1660s, from Greek theos "god" (from PIE root *dhes-, forming words for religious concepts) + -ist. The original senses was that later reserved to deist: "one who believes in a transcendent god but denies revelation." Later in 18c. theist was contrasted with deist, as believing in a personal God and allowing the possibility of revelation.
Middle English -ik, -ick, word-forming element making adjectives, "having to do with, having the nature of, being, made of, caused by, similar to," from French -ique and directly from Latin -icus or from cognate Greek -ikos "in the manner of; pertaining to." From PIE adjective suffix *-(i)ko, which also yielded Slavic -isku, adjectival suffix indicating origin, the source of the -sky (Russian -skii) in many surnames. In chemistry, indicating a higher valence than names in -ous (first in benzoic, 1791).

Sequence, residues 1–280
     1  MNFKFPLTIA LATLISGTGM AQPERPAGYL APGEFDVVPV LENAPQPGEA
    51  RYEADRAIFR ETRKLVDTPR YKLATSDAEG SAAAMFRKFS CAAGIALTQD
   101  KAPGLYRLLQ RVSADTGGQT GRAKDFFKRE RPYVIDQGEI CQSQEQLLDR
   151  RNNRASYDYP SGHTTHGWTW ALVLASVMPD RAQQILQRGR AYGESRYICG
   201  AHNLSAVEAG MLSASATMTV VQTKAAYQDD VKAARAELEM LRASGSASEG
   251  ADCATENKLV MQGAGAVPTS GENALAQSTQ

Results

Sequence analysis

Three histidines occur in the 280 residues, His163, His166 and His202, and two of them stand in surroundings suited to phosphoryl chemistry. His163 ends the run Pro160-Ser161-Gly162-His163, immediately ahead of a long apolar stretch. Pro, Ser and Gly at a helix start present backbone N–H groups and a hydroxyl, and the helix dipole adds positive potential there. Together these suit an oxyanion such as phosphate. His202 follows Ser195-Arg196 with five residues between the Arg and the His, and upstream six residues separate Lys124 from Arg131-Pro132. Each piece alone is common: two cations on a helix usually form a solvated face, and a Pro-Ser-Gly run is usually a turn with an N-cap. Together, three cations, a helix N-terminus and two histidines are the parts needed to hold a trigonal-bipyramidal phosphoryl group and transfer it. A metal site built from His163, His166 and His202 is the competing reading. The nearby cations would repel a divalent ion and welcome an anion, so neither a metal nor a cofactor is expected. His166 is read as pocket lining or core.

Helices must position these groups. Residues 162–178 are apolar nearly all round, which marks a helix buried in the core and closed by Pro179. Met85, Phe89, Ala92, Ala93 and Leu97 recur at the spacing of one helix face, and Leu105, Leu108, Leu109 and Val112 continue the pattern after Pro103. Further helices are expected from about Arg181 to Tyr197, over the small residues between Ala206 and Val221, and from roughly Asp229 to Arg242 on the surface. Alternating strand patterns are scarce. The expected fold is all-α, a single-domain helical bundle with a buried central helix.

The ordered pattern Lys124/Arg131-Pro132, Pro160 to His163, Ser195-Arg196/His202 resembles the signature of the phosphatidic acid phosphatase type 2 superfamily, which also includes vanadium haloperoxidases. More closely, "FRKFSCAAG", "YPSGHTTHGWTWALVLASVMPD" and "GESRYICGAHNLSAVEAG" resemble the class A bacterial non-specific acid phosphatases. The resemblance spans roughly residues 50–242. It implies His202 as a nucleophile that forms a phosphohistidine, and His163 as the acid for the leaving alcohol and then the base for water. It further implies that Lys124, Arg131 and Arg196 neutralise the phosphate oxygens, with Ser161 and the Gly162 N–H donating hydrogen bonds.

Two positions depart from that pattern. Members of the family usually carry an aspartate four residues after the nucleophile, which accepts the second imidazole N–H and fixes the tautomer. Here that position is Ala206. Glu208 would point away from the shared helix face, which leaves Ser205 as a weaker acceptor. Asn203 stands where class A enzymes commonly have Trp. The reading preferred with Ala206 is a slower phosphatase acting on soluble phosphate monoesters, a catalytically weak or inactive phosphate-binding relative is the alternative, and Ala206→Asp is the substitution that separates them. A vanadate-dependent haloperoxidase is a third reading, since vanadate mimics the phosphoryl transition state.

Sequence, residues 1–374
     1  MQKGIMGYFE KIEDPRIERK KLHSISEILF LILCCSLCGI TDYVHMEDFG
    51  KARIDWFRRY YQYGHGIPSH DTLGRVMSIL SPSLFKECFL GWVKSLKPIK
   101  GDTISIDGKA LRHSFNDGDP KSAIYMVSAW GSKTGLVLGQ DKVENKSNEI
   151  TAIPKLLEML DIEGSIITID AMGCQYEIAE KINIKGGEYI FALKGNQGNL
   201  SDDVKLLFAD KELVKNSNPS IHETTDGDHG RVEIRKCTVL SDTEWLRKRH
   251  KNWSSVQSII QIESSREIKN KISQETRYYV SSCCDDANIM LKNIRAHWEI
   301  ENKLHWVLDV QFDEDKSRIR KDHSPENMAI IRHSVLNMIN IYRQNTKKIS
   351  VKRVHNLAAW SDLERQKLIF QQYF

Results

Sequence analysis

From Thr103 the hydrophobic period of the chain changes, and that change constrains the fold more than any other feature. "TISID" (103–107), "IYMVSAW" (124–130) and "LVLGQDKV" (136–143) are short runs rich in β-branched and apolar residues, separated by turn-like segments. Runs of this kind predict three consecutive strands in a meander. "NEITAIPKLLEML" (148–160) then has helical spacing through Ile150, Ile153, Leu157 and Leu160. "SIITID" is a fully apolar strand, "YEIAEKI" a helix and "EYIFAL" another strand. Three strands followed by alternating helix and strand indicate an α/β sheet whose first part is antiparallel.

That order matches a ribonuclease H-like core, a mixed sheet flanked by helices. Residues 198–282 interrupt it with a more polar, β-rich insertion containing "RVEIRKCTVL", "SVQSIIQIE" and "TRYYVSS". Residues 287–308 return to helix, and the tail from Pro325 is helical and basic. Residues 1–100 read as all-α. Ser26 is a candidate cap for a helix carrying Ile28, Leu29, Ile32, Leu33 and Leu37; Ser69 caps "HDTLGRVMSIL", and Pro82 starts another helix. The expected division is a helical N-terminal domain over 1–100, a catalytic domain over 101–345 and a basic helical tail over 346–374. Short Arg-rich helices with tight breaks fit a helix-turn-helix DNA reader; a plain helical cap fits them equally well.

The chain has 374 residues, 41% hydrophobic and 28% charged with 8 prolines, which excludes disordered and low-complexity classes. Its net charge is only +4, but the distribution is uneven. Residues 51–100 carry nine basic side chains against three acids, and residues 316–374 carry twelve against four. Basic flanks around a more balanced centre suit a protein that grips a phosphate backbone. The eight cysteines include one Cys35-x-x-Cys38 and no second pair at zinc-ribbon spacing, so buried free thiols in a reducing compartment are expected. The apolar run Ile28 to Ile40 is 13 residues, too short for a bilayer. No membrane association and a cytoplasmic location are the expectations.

In Middle English and after often spelled -ick, -ike, -ique. Variant forms in -ick (critick, ethick) were common in early Modern English and survived in English dictionaries into early 19c. This spelling was supported by Johnson but opposed by Webster, who prevailed.